|Question||Taxing Goods versus Lump Sum Taxes: I have finally convinced my local congressman that my wife’s taste for grits are nuts and that the world should be protected from too much grits consumption. As a result, my congressman has agreed to sponsor new legislation to tax grits consumption which will raise the price of grits from $2 per box to $4 per box. We carefully observe my wife’s shopping behavior and notice with pleasure that she now purchases 10 boxes of grits per month rather than her previous 15 boxes.
A: Putting “boxes of grits per month” on the horizontal and “dollars of other consumption” on the vertical, illustrate my wife’s budget line before and after the tax is imposed. (You can simply denote income by I.)
(a) How much tax revenue is the government collecting per month from my wife? Illustrate this as a vertical distance on your graph.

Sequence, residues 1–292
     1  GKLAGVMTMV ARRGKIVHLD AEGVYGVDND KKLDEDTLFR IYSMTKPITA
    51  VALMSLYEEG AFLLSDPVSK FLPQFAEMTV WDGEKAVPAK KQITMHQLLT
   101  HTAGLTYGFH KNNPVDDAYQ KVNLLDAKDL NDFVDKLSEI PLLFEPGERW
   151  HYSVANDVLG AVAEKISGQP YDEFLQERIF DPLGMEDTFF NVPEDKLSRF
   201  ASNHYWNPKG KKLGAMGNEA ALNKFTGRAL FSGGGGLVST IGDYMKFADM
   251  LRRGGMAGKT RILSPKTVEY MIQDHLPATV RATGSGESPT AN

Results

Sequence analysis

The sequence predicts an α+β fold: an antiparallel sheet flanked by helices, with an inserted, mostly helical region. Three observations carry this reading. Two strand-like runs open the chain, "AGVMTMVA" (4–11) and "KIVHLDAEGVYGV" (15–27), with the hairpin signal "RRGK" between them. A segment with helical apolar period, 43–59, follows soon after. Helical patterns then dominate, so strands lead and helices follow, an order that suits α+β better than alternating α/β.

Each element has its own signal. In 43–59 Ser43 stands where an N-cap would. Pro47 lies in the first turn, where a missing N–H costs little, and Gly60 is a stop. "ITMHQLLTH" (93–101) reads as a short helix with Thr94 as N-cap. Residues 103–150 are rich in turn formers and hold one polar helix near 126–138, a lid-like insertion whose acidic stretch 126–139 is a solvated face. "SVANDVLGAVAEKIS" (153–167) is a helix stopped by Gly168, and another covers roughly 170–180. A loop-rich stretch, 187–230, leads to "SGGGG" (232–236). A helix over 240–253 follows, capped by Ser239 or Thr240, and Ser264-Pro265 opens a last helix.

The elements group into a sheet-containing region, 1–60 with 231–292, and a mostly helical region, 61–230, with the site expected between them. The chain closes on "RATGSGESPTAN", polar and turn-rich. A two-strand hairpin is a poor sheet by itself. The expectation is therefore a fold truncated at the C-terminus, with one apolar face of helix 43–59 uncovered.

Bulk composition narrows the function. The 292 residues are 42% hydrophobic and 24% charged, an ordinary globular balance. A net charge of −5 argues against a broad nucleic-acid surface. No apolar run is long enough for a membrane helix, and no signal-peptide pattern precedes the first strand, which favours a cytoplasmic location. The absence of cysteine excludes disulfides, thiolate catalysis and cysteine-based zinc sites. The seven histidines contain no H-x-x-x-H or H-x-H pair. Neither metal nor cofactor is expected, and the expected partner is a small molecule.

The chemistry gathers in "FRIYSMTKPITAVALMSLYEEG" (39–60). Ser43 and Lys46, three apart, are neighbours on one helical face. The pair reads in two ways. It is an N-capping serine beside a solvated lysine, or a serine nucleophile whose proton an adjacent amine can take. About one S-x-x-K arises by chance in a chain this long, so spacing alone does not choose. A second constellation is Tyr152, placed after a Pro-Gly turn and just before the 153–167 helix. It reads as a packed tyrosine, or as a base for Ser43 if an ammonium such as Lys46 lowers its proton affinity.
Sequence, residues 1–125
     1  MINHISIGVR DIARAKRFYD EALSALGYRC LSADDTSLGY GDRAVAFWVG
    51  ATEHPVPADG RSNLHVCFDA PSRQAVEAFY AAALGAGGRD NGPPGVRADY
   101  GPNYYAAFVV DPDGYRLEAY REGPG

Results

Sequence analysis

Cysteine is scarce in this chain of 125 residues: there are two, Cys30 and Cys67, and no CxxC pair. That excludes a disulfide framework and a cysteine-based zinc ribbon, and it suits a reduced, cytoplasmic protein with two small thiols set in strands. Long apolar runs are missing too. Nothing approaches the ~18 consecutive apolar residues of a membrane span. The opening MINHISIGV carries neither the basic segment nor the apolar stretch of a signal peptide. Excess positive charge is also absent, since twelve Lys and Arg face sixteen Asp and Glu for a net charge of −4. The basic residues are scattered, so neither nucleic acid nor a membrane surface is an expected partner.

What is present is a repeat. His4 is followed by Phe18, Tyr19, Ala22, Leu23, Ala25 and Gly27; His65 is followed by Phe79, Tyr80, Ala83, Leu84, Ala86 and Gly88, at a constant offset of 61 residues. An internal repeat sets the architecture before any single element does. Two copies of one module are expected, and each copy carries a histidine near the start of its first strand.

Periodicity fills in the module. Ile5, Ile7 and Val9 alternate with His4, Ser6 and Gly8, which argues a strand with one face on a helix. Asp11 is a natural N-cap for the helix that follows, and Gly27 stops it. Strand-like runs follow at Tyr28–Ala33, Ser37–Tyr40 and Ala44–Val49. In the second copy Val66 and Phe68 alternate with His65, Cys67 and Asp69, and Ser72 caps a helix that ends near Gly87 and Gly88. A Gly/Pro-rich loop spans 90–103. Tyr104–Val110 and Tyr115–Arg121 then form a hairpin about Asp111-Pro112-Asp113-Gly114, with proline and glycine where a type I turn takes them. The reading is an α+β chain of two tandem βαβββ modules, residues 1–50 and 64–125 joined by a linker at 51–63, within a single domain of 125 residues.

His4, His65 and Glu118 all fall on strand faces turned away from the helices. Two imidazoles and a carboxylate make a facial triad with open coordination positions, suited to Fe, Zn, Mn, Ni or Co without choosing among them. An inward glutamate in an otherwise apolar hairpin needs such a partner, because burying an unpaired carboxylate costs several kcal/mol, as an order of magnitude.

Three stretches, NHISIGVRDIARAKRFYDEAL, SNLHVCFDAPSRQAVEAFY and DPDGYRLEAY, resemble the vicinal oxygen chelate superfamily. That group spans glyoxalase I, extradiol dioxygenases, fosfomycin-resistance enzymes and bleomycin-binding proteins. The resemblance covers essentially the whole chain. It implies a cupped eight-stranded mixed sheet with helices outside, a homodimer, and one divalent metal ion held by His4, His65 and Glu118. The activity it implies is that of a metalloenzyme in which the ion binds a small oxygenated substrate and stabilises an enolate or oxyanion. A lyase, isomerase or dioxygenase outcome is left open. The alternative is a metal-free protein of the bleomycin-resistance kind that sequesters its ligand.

(b) Given that I live in the South, the grits tax turned out to be unpopular in my congressional district and has led to the defeat of my congressman. His replacement won on a pro-grits platform and has vowed to repeal the grits tax. However, new budget rules require him to include a new way to raise the same tax revenue that was yielded by the grits tax. He proposes to simply ask each grits consumer to pay exactly the amount he or she paid in grits taxes as a monthly lump sum payment. Ignoring for the moment the difficulty of gathering the necessary information for implementing this proposal, how would this change my wife’s budget constraint?
B: State the equations for the budget constraints you derived in A(a) and A(b), letting grits be denoted by x1 and other consumption by x2.